Yesterday, as we were walking down the stairs that separate my yard from the restoration site, one of our team leaders pointed out some mushrooms to me. I thought the fact that they were coming up through a coiled hose made them look like a piece of art.
I’ve been too busy to write on my blog even though I’ve had numerous ideas. This will be the first of my “catching up” posts!
My yard used to be covered with grass. I removed the grass from my front yard years ago. Over the last few years I’ve removed it from the back yard as well.
Several years ago, I noticed some white flowers emerging from the ground next to a planter box. I had no idea what it was but knew I had never planted it.
I don’t know when the flowers came up this year; I think it was during August. On September 4th they looked like this:
This time I used a plant identification app to find out what kind of flowers they were. They are called ivy-leaved cyclamen, sowbread, baby cyclamen and cyclamen hederifolium.
I continued to watch and photograph the plant. When I took a photo on October 5 there was much more foliage.
And on October 23 the foliage remained the same, but there were only a couple of flowers.
As I look at this close up now, I’m noticing the spirals. I wonder what they are. Could there be more flowers coming? It doesn’t seem likely but I will find out!
I have enjoyed watching this plant evolve as it goes through its life cycle. Since I don’t know exactly when the flowers were “born”, I will pay even more attention to it next year.
We’ve planted more than a dozen oceanspray shrubs in our forest restoration site. Some of them may have had a few blossoms last year, but many more have them this year.
This week I saw oceanspray shrubs in other Seattle parks that were 13 feet high and nearly as wide. It will be interesting to see how big the ones in our restored forest grow.
One of my favorite Greenbelt flowers is the bleeding heart flower; they are so small and delicate. On June 9, I took what I think is an amazing photo of one of those plants.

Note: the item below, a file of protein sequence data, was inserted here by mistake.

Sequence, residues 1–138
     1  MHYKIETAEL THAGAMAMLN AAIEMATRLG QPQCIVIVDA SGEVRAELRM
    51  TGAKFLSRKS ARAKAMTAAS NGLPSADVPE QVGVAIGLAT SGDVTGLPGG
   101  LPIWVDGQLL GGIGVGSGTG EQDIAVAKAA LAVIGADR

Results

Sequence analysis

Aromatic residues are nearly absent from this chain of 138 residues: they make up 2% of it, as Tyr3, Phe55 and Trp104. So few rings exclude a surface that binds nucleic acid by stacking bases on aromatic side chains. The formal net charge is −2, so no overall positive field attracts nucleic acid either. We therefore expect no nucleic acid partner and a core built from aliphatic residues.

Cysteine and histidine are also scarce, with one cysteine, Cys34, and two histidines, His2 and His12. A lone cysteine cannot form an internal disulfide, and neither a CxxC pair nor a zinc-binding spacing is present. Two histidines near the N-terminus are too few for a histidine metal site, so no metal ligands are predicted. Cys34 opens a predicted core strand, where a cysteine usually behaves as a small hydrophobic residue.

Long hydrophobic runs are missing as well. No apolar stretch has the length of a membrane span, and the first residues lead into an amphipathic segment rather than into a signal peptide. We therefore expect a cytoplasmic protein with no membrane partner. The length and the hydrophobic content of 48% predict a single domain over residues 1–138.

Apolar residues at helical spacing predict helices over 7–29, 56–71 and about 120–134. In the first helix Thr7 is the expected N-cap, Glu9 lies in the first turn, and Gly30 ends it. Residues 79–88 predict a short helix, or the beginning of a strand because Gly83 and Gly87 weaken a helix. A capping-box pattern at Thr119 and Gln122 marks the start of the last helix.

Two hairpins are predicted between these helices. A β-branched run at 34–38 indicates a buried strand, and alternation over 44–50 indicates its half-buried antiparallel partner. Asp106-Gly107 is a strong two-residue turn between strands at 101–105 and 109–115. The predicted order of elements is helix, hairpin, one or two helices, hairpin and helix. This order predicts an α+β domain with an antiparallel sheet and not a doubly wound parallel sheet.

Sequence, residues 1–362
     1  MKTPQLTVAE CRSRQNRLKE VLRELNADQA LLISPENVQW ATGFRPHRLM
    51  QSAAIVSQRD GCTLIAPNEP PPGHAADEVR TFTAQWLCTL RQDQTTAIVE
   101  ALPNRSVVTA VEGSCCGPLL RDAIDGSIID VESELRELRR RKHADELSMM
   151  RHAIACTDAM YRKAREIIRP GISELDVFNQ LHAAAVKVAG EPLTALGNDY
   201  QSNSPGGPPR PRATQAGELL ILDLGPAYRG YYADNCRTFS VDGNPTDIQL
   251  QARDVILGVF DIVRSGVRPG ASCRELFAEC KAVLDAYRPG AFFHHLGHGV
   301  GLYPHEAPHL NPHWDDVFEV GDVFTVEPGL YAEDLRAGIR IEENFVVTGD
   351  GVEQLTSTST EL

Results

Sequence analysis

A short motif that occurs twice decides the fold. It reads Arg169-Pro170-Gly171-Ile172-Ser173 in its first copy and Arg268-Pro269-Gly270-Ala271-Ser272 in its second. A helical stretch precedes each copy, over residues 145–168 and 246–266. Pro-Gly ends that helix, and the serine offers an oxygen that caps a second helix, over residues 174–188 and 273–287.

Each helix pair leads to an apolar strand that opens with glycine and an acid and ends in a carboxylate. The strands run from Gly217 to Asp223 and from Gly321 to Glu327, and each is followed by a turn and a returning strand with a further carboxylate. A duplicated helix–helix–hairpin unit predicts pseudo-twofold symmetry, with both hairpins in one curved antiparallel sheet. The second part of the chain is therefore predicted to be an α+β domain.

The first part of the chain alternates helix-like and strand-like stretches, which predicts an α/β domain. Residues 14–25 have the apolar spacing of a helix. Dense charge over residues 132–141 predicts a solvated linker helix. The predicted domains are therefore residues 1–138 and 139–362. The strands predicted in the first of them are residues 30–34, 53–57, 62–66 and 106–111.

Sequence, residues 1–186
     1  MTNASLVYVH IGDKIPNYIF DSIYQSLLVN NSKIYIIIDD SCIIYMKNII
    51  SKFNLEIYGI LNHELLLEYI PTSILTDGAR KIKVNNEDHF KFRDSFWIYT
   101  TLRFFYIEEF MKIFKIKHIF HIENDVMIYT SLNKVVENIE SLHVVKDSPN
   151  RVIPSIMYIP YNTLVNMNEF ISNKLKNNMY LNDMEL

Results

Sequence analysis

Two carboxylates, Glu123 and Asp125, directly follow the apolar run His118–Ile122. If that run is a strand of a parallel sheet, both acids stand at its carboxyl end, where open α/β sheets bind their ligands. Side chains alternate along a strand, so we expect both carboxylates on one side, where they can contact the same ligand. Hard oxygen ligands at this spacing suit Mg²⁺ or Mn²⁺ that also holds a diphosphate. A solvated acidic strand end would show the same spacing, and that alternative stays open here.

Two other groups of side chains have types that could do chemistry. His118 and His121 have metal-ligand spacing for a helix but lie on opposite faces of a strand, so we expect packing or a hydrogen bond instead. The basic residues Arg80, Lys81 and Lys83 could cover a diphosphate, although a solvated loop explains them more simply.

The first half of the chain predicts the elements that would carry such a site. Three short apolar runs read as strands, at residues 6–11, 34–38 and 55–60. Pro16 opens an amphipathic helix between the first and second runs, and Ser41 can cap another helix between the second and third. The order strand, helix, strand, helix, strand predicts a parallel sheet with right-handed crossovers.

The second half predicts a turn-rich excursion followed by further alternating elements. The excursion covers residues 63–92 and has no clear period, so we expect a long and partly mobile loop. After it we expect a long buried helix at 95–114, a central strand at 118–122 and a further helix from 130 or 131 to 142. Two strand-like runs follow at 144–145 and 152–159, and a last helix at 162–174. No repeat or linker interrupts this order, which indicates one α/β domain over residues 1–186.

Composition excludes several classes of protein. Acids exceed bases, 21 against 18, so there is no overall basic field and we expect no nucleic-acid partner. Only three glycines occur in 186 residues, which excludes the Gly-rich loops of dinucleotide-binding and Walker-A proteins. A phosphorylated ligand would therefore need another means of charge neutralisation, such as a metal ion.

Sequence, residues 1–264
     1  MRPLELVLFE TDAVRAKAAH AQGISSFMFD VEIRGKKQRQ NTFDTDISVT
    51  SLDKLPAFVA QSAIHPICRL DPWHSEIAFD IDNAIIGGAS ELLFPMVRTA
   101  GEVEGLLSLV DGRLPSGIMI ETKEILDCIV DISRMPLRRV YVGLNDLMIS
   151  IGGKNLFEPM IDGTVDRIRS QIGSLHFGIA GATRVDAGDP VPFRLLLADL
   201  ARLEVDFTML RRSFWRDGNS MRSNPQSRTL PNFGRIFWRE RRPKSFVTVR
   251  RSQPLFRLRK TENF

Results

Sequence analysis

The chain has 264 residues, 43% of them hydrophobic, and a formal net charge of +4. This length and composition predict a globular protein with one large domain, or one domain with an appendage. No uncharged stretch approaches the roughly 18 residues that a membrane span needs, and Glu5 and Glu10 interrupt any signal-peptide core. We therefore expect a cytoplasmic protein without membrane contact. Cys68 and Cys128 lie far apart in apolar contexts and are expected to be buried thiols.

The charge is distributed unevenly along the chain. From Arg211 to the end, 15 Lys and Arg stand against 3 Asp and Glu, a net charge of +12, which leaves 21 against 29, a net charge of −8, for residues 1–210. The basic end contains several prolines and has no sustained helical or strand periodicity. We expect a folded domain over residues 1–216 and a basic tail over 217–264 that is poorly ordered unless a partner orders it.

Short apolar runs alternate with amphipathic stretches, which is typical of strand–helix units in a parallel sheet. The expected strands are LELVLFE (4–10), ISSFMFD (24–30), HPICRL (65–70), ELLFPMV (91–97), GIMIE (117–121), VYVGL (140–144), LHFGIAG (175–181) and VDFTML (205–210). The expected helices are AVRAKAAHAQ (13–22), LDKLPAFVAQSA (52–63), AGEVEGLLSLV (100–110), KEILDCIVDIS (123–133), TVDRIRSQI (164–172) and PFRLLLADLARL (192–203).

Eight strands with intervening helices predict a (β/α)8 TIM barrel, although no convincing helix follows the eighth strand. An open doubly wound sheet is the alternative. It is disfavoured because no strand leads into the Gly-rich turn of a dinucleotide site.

To me it looks like a bleeding heart flower birthing a seed pod. I look forward to learning how and when to harvest and spread the seeds. Even more, I look forward to seeing a lot more bleeding heart flowers in our Greenbelt restoration site next spring!
This spring has been very exciting for me. We planted our first trees, shrubs and ground covers in November of 2017. This year most of those plants had a tremendous growth spurt. Several species bloomed for the first time. One of those was this bald hip rose shrub.
The beginning of the path between the Mt. Baker light rail station and the Hanford Stairs is lined with bald hip rose shrubs.
One day in late May, this is what I saw as I was walking home from the Mt. Baker station.
I realized I was getting a glimpse of what our Greenbelt site is going to look like in a few years. WOW!
My contribution to The Seeker’s Dungeon “From Darkness to Light” event went live today. You can read it at:
I saw this fun sight when I met Chaitanya and Akshay at Alki Beach yesterday.
The babies were like little bundles of fluff as they were still covered with down instead of feathers.
In April of 2017, I took a live stake workshop. The participants cut branches from a variety of shrubs, took them home and planted them in containers. The stakes rooted throughout the summer and early fall. In November of 2017, I planted the ones that had in our forest restoration site.
Three of the Pacific Ninebark stakes not only survived, they thrived. When I was walking through the restoration site today, I noticed that there were many buds on the shrub. One of the flowers had partially bloomed. I think it is SO beautiful.
There are many flowers like this one on the shrub. The photo below shows about a third of the plant’s flowers-to-be.
This shrub will be so beautiful when all of these buds open. At this point, it is still a fairly small plant. I can only imagine what it will look like years from now when it is fully grown.
I’m excited. I’ve been watching two ferns beginning to awaken since one of our teams took all of the blackberry vines off of them in early March. They are so close together you can’t really tell that there are two of them. This is what they looked like today!
The following photos show their awakening:
Before long there will be two big ferns!
I created this image in 2014. My idea was to create a photo that showed that a seemingly endless number of toxic cigarette butts are tossed onto the ground as litter. To do that, I placed 1375 cigarette butts in a straight line on a sidewalk near my home. It worked!